After MLJ’s address (which turned out to be an appeal for greater church-level unity between evangelicals, asking them to prize their own unity greater than their denominational affiliation) the Chairman, Rev. John Stott, stood up and expressed his disagreement with MLJ, based mainly on his fear that some younger evangelicals would secede from their denominations overnight in response to the Doctor’s address (there is still much debate over whether or not the Dr necessarily meant for evangelicals to leave their denominations, clearly that was the impression of some). What ensued was an increasingly deeply felt rift amongst evangelicals over the issue of unity and, especially, involvement in ‘mixed denominations’. What had been intended as an appeal for unity ended up sparking off a deep and long-lasting division. In particular Stott and MLJ took increasingly different attitudes towards the mainline denominations, with MLJ increasingly feeling he could no longer work with those who would compromise with the ecumenical movement, and Stott spearheading the 1967 Keele revolution in Anglican Evangelical church politics.
Not wishing to re-open old wounds (isn’t it great that in many ways the ecumenical movement has come to nothing since 1966?), but, because evaluation of the period has tended to evaluate Stott’s politics more favourably, I’m going to blog some of the highlights of MLJ’s address from 40 years ago. Although debate rages on as to what MLJ wanted evangelicals to do, and although undoubtedly part of his thinking was coloured by his own background, and whilst there is no doubt he made mistakes in the way he handled the crisis afterwards (as did Stott, as did Packer), I for one think the Doctor says some striking things in his appeal for unity. Many of his evaluations remain pertinent for today, and raise questions that evangelicals have yet to find adequate answers to. The sad events that ensued from his appeal must not be allowed to obscure these probing questions which demand our attention today as much as forty years ago.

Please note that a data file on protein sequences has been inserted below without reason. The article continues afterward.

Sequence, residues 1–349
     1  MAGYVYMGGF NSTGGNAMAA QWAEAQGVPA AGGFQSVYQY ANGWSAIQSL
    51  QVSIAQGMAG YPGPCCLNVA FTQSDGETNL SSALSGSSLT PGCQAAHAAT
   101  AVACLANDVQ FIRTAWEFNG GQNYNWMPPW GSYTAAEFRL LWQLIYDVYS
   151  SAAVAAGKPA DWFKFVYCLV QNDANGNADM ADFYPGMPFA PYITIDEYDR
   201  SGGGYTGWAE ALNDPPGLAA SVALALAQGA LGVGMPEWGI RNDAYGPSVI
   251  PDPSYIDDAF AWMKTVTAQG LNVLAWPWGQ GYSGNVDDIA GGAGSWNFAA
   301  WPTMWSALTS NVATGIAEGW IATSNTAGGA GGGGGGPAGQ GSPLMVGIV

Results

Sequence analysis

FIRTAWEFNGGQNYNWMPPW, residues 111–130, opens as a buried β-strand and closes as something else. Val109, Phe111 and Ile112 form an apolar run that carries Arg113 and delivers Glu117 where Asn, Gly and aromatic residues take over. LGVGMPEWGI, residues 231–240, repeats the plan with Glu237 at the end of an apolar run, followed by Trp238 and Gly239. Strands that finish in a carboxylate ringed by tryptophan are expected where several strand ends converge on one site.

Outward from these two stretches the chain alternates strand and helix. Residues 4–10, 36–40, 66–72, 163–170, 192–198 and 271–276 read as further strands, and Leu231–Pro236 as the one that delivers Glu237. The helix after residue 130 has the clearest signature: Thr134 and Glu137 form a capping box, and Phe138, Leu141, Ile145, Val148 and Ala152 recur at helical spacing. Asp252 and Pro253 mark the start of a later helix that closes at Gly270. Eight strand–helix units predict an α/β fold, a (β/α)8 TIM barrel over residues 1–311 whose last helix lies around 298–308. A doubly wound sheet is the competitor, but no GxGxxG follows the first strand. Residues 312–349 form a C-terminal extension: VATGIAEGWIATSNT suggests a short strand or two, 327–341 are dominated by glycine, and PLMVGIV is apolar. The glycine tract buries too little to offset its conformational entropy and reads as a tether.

First up then, a couple of quotes (any emphasis added will be mine) about the state of evangelicalism with relation to issues of unity;
‘Can we deny the charge that we, as evangelical Christians, have been less interested in the question of church unity than anybody else?...Surely, with our view of scripture and with our knowledge and understanding of it, we, of all people, ought to be the first to preach the vital necessity of church unity; but we are the last to do so. Not only that, the position is that we are confused and divided among ourselves.’
‘The most pathetic thing of all, to me, is that our attitude towards the question of church union is always a negative one. You can be sure that every time you read the report of an annual assembly of any one of the branches of the Christian church in this country you will find that what evangelicals have been doing at these assemblies is make protests…We are always negative; we are always on the defensive…’
‘…and added to that is our silence in the light of things that have been happening round and about us. It is to me a tragedy that, as evangelicals, we have been silent several times this very year when certain things have taken place. Certain visits have been paid to certain places. And on many other issues we remain silent. It has been left to some eccentrics among evangelicals to make the protest, and we have said nothing.’
 All quotes come from ‘Evangelical Unity- An Appeal’ in D. M. Lloyd-Jones, Knowing the Times, (Carlisle: Banner of Truth, 1989) pp. 246-257.
Monday, October 16, 2006